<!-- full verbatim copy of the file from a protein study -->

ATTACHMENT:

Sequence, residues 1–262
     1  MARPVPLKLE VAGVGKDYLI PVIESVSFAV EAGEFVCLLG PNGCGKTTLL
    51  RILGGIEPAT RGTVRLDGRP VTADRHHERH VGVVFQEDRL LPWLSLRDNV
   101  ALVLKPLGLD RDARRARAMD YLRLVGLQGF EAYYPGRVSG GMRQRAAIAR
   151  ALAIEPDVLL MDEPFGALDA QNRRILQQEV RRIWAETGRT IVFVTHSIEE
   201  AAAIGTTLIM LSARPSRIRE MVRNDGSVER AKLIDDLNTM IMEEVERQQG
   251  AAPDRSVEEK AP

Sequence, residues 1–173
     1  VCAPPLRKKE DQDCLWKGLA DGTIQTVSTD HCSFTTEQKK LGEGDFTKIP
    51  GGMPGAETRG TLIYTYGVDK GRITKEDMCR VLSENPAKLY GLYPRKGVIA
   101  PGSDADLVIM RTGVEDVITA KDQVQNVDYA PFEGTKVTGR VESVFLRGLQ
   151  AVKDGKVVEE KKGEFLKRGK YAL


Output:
Sequence, residues 1–262
     1  MARPVPLKLE VAGVGKDYLI PVIESVSFAV EAGEFVCLLG PNGCGKTTLL
    51  RILGGIEPAT RGTVRLDGRP VTADRHHERH VGVVFQEDRL LPWLSLRDNV
   101  ALVLKPLGLD RDARRARAMD YLRLVGLQGF EAYYPGRVSG GMRQRAAIAR
   151  ALAIEPDVLL MDEPFGALDA QNRRILQQEV RRIWAETGRT IVFVTHSIEE
   201  AAAIGTTLIM LSARPSRIRE MVRNDGSVER AKLIDDLNTM IMEEVERQQG
   251  AAPDRSVEEK AP

Sequence, residues 1–173
     1  VCAPPLRKKE DQDCLWKGLA DGTIQTVSTD HCSFTTEQKK LGEGDFTKIP
    51  GGMPGAETRG TLIYTYGVDK GRITKEDMCR VLSENPAKLY GLYPRKGVIA
   101  PGSDADLVIM RTGVEDVITA KDQVQNVDYA PFEGTKVTGR VESVFLRGLQ
   151  AVKDGKVVEE KKGEFLKRGK YAL